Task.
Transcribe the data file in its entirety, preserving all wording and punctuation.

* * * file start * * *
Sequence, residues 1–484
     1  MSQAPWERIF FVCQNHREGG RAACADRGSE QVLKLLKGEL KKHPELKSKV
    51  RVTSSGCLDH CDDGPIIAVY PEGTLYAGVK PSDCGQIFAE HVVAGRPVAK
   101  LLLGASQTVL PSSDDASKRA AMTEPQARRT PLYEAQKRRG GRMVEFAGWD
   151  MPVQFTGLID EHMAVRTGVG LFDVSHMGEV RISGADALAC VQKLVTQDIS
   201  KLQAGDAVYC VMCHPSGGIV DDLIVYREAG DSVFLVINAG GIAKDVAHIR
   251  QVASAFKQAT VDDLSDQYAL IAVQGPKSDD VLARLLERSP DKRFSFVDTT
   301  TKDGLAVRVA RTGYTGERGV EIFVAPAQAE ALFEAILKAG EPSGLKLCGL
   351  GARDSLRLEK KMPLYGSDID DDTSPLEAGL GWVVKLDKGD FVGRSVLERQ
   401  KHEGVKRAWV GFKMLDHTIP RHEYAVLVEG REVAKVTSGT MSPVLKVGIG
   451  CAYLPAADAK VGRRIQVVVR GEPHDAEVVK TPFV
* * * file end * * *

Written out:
Sequence, residues 1–484
     1  MSQAPWERIF FVCQNHREGG RAACADRGSE QVLKLLKGEL KKHPELKSKV
    51  RVTSSGCLDH CDDGPIIAVY PEGTLYAGVK PSDCGQIFAE HVVAGRPVAK
   101  LLLGASQTVL PSSDDASKRA AMTEPQARRT PLYEAQKRRG GRMVEFAGWD
   151  MPVQFTGLID EHMAVRTGVG LFDVSHMGEV RISGADALAC VQKLVTQDIS
   201  KLQAGDAVYC VMCHPSGGIV DDLIVYREAG DSVFLVINAG GIAKDVAHIR
   251  QVASAFKQAT VDDLSDQYAL IAVQGPKSDD VLARLLERSP DKRFSFVDTT
   301  TKDGLAVRVA RTGYTGERGV EIFVAPAQAE ALFEAILKAG EPSGLKLCGL
   351  GARDSLRLEK KMPLYGSDID DDTSPLEAGL GWVVKLDKGD FVGRSVLERQ
   401  KHEGVKRAWV GFKMLDHTIP RHEYAVLVEG REVAKVTSGT MSPVLKVGIG
   451  CAYLPAADAK VGRRIQVVVR GEPHDAEVVK TPFV